Episode 37

Musketeers & Mousselines: Alexander Dumas' Massive Dictionary of Food

 Alexander Dumas by Nadar, ca. 1855

Alexander Dumas by Nadar, ca. 1855

Alexander Dumas was among the most beloved writers of the 19th century, responsible for classics like The Three Musketeers The Count of Monte Cristo. But did you know Dumas longest work was devoted entirely to his other passion? Food! Written at the end of his life, Dumas' Le Grand Dictionnaire de Cuisine, published posthumously in 1873, is part cookbook, part memoire, and 100% unique. From celery-based hangover recipes to 200 lb. sturgeon centrepieces, Dumas' book is a portrait of French culinary life under the Bonapartes. Join us as we explore Dumas' unusual dictionary, all the way from absinthe to lemon zest! 

Written and Produced by Laura Carlson

Technical Direction by Mike Portt

A Proper Foodie Tribute: Delmonico's Dumas Salad

 Delmonico's on Beaver and William streets, by Robert L. Bracklow, 1849 - 1919. From the Collections of the Museum of the City of New York. [ link

Delmonico's on Beaver and William streets, by Robert L. Bracklow, 1849 - 1919. From the Collections of the Museum of the City of New York. [link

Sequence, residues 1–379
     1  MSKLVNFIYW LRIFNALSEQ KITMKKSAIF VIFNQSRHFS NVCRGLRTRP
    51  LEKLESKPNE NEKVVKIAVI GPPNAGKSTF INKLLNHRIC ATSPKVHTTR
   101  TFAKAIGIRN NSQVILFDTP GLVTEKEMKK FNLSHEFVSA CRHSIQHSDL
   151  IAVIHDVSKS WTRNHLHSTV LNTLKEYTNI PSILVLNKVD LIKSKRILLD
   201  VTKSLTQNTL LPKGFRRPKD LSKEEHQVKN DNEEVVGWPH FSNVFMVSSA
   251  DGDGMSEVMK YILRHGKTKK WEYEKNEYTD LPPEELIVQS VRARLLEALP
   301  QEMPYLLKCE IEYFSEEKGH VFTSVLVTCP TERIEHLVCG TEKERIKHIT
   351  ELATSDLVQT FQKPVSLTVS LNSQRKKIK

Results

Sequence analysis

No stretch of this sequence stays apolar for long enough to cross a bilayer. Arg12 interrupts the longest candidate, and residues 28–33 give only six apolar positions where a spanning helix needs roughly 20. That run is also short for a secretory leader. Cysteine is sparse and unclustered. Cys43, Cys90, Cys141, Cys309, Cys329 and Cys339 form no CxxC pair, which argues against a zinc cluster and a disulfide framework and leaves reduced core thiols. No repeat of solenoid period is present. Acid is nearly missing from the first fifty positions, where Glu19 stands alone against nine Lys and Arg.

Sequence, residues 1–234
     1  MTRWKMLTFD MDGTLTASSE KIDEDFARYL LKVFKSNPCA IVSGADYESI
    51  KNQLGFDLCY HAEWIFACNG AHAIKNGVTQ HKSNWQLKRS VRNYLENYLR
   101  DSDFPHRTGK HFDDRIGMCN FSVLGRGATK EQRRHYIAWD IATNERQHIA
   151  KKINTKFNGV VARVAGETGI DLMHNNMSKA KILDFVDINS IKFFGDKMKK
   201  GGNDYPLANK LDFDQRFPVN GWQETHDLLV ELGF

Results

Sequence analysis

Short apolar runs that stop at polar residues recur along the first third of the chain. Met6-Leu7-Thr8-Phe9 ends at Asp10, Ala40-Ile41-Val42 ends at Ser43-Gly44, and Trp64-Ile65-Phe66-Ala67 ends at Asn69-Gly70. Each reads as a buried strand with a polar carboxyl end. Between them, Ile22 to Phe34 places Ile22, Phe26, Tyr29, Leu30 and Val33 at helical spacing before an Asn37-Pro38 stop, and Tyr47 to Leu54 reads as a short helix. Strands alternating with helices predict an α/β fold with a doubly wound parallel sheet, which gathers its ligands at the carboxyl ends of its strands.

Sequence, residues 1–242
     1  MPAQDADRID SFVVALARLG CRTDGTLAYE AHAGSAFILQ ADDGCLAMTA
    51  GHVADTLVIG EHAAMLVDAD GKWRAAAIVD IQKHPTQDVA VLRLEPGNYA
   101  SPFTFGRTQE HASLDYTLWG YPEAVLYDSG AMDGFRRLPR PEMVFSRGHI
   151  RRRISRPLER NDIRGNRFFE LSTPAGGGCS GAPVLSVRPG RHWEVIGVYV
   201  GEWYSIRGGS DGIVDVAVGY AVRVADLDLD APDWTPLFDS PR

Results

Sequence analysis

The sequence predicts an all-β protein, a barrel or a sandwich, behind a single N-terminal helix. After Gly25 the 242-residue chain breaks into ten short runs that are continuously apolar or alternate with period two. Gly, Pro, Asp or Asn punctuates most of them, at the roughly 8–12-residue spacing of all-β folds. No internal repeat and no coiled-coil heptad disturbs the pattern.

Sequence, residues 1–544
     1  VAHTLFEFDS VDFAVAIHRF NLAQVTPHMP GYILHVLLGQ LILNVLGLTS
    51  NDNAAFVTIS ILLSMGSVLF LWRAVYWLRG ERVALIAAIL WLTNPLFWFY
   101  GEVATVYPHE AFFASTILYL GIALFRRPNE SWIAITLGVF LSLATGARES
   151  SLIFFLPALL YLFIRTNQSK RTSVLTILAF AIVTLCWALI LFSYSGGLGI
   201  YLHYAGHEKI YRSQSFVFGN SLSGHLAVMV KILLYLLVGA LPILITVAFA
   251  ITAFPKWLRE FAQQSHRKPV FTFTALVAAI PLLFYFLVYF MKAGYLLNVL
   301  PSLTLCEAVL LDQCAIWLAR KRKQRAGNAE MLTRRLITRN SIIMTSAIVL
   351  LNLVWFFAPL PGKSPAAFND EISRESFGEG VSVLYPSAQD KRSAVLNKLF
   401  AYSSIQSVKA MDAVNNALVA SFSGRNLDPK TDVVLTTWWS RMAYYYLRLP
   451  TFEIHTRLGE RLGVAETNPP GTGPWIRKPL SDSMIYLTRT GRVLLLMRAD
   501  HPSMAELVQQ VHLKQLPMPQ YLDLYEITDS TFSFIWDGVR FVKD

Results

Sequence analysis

Thanks to the continued international success of his books, Dumas was a household name throughout Britain and the United States. In honour of his musketeer tales, the famous New York City restaurant Delmonico's even named a salad for him in the mid-19th century. It's unclear how popular the salad was at the time, but its survival in menus and records of the restaurants inspired the James Beard foundation to include a recipe for "Alexander Dumas Potato Salad" on their website. A simple enough recipe, it calls for the potatoes to be dressed with a 1/2 cup of white wine, perhaps a nod to Dumas' well-known love of wining and dining in the best homes and restaurants of France. 

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Dumas' 20th Century Editor: Alan Davidson

Alan Davidson, along with his wife Jane, were responsible for bringing Dumas' Le Grand Dictionnaire de Cuisine to the English reading public, a full century after its publication in 1873. Davidson, an established and celebrated food writer in his own right, shortened the 600,000-word dictionary into a sizeable volume which was published under the title Dumas on Food in 1978. Davidson would go on to contribute his own massive reference work to the world of food writing with the publication of The Oxford Companion to Food at the end of the 1990s. Read more about his career in The Guardian's obituary of Davidson, published shortly after his death in 2003

Dumas & The Silver Screen

Although Dumas' final work never was a best-seller, his romantic stories of the three musketeers remained a crowd favorite for years to come. With the dawn of motion pictures in the early 20th century, Dumas' books found new life on the silver screen. Here's just one scene from the estimated 40+ movie adaptations of his timeless story, taken from the 1948 film The Three Musketeers starring a young Gene Kelly as the would-be musketeer, D'Artagnan. 

Episode Soundtrack